They See What I See: Leitz M 0.8 on PHOTOCOPIER with Gunnar Nimpuno, ISC
They See What I See: Leitz M 0.8 on PHOTOCOPIER with Gunnar Nimpuno, ISC
Photocopier (Indonesian title Penyalin Cahaya) is a genre-bending dramatic film that explores the social consequences of culture and status through the lens of a horror film that can be simultaneously engaging and disturbing. It was the first collaboration between director Wregas Bhanuteja and cinematographer Gunnar Nimpuno, ISC and received 12 awards at the 26th Busan International Film Festival including Best Picture, Best Director, and Best Cinematography.
Seth Emmons: At its core Photocopier is a dramatic story, but it doesn’t follow the formula of a traditional dramatic film. Can you talk about how the concept for this film came to be?
Gunnar Nimpuno: This project was unique from the start. It was my first time working with director Wregas Bhanuteja and also his first feature film. When we started talking about the film he said he wanted to make it suspenseful, like an investigation or a whodunnit, but he really wanted to us an approach more like a horror film. There is an element of the unknown to the subject matter that makes people feel afraid and he felt that including elements of horror would force people to feel that more.
That approach immediately gave us our direction for the look and we began to play with low contrast and low light. This also worked in our favor because the film had a small budget and I had limited access to lighting. To help ourselves out we chose to shoot on large format with the RED Monstro camera in 8K and I insisted on using Leitz lenses. I’ve used Leica cameras and lenses for photography since college. The Leitz M 0.8, which are based on the Leica M photography lenses, have a particular characteristic that I really love.
What were your inspirations for the look of the film?
For lighting and color my inspirations were Dharius Khondji’s Seven and some of David Fincher’s stuff, particularly Mindhunter. For framing concepts, I’ve learned a lot from Chivo (Emmanuel Lubeski, ASC, AMC), especially Tree of Life and The Revenant. I tried to approach Photocopier with similar framing.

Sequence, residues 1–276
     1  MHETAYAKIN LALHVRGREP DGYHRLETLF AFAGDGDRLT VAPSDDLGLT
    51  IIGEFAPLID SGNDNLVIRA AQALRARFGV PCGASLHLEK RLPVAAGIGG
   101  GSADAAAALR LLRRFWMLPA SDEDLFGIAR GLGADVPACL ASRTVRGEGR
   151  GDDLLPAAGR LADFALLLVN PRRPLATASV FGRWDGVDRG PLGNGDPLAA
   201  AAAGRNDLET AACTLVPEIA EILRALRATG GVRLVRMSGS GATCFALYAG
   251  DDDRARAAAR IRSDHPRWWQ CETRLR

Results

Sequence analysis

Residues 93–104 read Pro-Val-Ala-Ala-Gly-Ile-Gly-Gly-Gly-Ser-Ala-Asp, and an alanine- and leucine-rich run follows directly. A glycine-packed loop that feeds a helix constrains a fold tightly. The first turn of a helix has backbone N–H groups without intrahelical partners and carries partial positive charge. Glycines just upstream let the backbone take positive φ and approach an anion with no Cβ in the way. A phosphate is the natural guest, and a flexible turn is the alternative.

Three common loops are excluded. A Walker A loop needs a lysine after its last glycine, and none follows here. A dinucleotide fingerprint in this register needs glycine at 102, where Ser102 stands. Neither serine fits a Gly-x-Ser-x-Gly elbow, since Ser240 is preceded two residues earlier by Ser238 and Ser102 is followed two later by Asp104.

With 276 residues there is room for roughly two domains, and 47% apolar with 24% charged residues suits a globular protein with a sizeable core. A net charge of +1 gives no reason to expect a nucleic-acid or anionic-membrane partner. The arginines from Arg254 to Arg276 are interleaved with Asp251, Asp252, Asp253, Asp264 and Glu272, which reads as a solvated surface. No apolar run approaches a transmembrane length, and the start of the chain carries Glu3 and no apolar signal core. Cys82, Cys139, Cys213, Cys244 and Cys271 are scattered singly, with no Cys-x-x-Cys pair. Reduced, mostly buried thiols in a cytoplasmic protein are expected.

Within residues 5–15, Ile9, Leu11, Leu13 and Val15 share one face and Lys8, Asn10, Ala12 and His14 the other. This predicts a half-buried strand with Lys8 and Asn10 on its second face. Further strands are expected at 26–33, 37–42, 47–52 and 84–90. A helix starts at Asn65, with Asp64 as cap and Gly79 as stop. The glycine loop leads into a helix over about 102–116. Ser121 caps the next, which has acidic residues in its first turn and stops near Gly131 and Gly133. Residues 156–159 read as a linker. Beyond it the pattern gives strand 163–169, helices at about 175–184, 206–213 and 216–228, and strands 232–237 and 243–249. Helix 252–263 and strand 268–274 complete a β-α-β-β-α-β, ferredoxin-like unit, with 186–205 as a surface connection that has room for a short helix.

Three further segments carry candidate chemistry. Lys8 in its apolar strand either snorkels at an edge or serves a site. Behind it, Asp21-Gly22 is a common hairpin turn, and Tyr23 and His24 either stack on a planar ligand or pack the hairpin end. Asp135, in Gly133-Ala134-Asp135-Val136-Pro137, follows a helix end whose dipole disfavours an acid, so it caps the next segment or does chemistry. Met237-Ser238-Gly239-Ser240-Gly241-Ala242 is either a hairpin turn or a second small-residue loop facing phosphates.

Had you shot with Leitz lenses previously?
I use the Leitz SUMMILUX-C lenses a lot for commercial work, but the first time I used the M 0.8 lenses was about six months before Photocopier. I was actually shooting a commercial with SUMMILUX-C, but I needed to go to Borneo and shoot on a few islands. The schedule didn’t work out for most of the crew so I told production that if they gave me the M 0.8 lenses I could go with my assistant and get the shots. We spent a few days running around and shooting like crazy and I loved the look and the experience. I said after that I would use these on my next feature film.
Since Photocopier was going to be shot on large format we originally chose the Leitz THALIA lenses and rented them from Brandlink in Thailand, but there was an issue with them getting stuck in customs so Brandlink rushed us a set of the M 0.8 lenses as a replacement the day before the camera tests began. Ironically, the rental house said at the time that no one was renting the lenses because they have still photo lens glass and cinematographers think of them as toys. I couldn’t have been happier!
How did the lenses contribute to the look and feel of the film?
One of the biggest factors is that we wanted to shoot from a 1st person point of view. We were not going to only be an observer, but we would be inside the characters. The Leitz M 0.8 lenses are so lightweight that I felt really lucky carrying them. And of course at f/1.4 they are very fast so they were great in low light and made working with a small lighting budget much easier.